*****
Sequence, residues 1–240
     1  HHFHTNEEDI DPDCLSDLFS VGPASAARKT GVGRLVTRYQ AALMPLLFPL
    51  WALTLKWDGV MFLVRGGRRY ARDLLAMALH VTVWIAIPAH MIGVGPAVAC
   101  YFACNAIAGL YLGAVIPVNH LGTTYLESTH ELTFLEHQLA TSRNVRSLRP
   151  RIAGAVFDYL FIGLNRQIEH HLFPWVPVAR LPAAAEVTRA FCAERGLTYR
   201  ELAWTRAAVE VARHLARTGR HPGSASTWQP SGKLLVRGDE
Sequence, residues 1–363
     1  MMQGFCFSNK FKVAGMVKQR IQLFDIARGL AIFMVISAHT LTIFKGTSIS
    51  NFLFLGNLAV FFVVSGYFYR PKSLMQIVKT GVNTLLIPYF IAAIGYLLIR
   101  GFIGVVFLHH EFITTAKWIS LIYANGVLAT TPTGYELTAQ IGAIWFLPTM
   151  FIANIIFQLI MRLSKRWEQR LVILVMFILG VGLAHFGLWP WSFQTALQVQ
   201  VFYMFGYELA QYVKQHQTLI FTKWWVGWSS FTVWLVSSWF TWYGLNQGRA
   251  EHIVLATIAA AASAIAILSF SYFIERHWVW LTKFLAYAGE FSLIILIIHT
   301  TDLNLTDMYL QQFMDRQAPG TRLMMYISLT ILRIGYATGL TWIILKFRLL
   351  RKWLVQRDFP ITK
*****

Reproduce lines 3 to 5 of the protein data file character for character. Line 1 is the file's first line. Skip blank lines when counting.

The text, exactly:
    51  WALTLKWDGV MFLVRGGRRY ARDLLAMALH VTVWIAIPAH MIGVGPAVAC
   101  YFACNAIAGL YLGAVIPVNH LGTTYLESTH ELTFLEHQLA TSRNVRSLRP
   151  RIAGAVFDYL FIGLNRQIEH HLFPWVPVAR LPAAAEVTRA FCAERGLTYR